By Jonathan Gault
April 22, 2018
LONDON — Every runner has heard it. And every runner hates it.
“Run, Forrest, run!”
Every runner, that is, but Rob Pope.
Pope, a 39-year-old from Liverpool, England, heard the phrase a lot today en route to finishing in 82nd place in 2:36:28. And there’s a good reason. He is Forrest Gump.
Faded red Bubba Gump Shrimp hat? Check.
Yellow collared shirt? Check.
Wild, scraggly beard, long hair, and a relentlessly positive attitude? Check, check, and check.
“I was running next to a chap and he said to me, you’re gonna be so sick of that at the end,” Pope says. “And I said, not a chance. That’s what’s keeping me going. I said if I were you, I’d stick with me and rename yourself Forrest because you can feed off it.”
But Pope doesn’t just look like the titular character of the 1994 film, portrayed by Tom Hanks. He acts like him too. Just like the fictional Gump, Pope decided to run across the United States. And just like Gump, he decided to do it a few times. Since walking into a barbershop in Mobile, Alabama, on September 14, 2016, Pope estimates that he’s spent about 430 days running across the U.S.
Obviously, it hasn’t been a non-stop thing. Pope has returned to England periodically, in part because he’s needed to keep renewing his visa. But this most recent visit coincided with the birth of his daughter, Bee, who will be four weeks old on Tuesday.
Of course, he kept running while he was back home. He ran the Asics Greater Manchester Marathon on April 8 (2:55:12), the Brighton Marathon last weekend (2:52:09), and London today. On Tuesday, he’ll fly back to the U.S., where his journey is almost complete. Already, Pope has completed four continental crossings — Mobile to Santa Monica, Santa Monica to Maine, Maine to San Francisco, and San Francisco to South Carolina. He’s running west on his current (fifth) crossing, and when he returns to the U.S., he’ll have just 200 miles remaining until he hits Monument Valley, Utah, where the fictional Gump decided to stop running.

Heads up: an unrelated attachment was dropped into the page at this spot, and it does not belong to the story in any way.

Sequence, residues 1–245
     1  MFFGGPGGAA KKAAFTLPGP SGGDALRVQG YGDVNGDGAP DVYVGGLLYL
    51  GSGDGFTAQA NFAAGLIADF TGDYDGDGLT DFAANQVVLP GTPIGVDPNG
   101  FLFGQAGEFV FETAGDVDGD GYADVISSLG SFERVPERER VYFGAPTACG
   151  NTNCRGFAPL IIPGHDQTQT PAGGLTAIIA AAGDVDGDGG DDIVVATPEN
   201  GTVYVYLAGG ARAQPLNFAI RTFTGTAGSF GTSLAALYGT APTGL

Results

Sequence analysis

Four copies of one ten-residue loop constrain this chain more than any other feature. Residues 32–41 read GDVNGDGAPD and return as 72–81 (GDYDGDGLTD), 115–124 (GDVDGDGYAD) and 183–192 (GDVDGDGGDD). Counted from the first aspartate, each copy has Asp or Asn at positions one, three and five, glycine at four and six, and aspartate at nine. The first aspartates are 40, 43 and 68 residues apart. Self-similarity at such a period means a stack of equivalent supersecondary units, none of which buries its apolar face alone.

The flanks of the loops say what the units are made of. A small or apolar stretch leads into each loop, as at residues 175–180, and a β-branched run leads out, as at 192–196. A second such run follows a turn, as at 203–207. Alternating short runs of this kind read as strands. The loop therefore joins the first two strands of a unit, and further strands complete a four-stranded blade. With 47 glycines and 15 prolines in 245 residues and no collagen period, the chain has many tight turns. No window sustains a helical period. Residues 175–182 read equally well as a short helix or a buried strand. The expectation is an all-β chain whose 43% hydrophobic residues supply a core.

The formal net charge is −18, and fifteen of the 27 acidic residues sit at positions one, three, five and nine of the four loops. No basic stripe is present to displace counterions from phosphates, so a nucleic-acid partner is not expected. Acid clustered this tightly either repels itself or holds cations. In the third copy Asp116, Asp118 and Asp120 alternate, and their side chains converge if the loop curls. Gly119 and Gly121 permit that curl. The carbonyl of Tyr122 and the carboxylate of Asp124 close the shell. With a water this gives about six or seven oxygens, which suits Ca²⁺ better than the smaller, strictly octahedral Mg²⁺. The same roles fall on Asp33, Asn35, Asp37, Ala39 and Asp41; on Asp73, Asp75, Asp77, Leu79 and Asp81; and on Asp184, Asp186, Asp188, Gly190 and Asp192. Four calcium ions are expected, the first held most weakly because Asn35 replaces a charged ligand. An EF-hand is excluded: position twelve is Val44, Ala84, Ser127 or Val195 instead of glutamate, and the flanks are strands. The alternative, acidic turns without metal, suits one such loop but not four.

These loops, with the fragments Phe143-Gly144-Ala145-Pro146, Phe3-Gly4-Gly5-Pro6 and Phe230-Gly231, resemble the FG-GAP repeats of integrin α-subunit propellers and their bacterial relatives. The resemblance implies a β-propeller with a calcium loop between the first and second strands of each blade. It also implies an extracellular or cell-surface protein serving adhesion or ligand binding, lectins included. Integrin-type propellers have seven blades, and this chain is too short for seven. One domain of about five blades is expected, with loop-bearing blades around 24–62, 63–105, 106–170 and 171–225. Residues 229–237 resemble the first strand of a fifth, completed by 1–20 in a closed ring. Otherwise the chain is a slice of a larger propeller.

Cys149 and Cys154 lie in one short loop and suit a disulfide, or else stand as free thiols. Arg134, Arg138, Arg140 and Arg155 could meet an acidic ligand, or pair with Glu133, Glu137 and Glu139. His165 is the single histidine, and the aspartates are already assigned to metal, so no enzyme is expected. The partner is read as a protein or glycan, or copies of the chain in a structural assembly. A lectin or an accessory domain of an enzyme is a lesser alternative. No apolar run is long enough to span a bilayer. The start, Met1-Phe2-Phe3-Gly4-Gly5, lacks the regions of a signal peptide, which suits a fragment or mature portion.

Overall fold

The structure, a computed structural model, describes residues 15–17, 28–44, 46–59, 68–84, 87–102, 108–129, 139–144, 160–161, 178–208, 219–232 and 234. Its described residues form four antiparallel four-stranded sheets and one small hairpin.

So why do it?
“I’ve always wanted to run across America and then I was thinking, well I want to do something special,” Pope says. “My mom’s not around anymore but she said before she died, do one thing that makes a difference in the world. And I thought, why not this run?”
Pope has used the run to raise money for two charities, the World Wildlife Fund and Peace Direct. So far, he has raised around £30,000 ($42,023), but he hopes to one day hit £1 million.
“When Forrest runs across the Mississippi for the fourth time, they say, why are you doing this?” Pope says. “Are you running for women’s rights, world peace, the homeless, the environment, or animals? I’m running for all five of those things.”
Through his journey, Pope has tried to spread good cheer, and he’s doing a pretty good job. Talk to the guy for five minutes, and it’s impossible not to start smiling yourself.
“Everybody identifies with [Forrest Gump],” Pope says. “[He] doesn’t judge anyone [based on] intelligence, race, background. If we were all a bit more like Forrest, the world would be a better place.”
Pope knows that with a journey like this — he says he’s run around 15,400 miles so far (about 36 per day) — there are going to be doubters. When I tell him I’m from LetsRun.com, his eyes light up. Well, actually, his eyes were lit up during our entire interview. But let’s just say he was excited.
Pope says that he reads the site to stay entertained during his trip and has heard all about fellow Brit Rob Young, whose cross-country attempt was exposed as a total fraud by a group of tireless LetsRun.com messageboard posters in 2016. And — are you listening, LetsRun nation? — he welcomes the scrutiny that his attempt will bring.
Pope was a veterinarian before embarking on his epic quest, and he hopes to return the profession once his journey is over, along with “being a good member of society, just like Forrest.” He’ll also have his hands full with a newborn daughter.
“I don’t know whether life will ever be the same again, but we’ll see,” Pope says.
But the first thing he’ll do when he finally finishes the route?
“Find a really nice, comfy chair.”
Interview with Rob Pope following 2018 London Marathon
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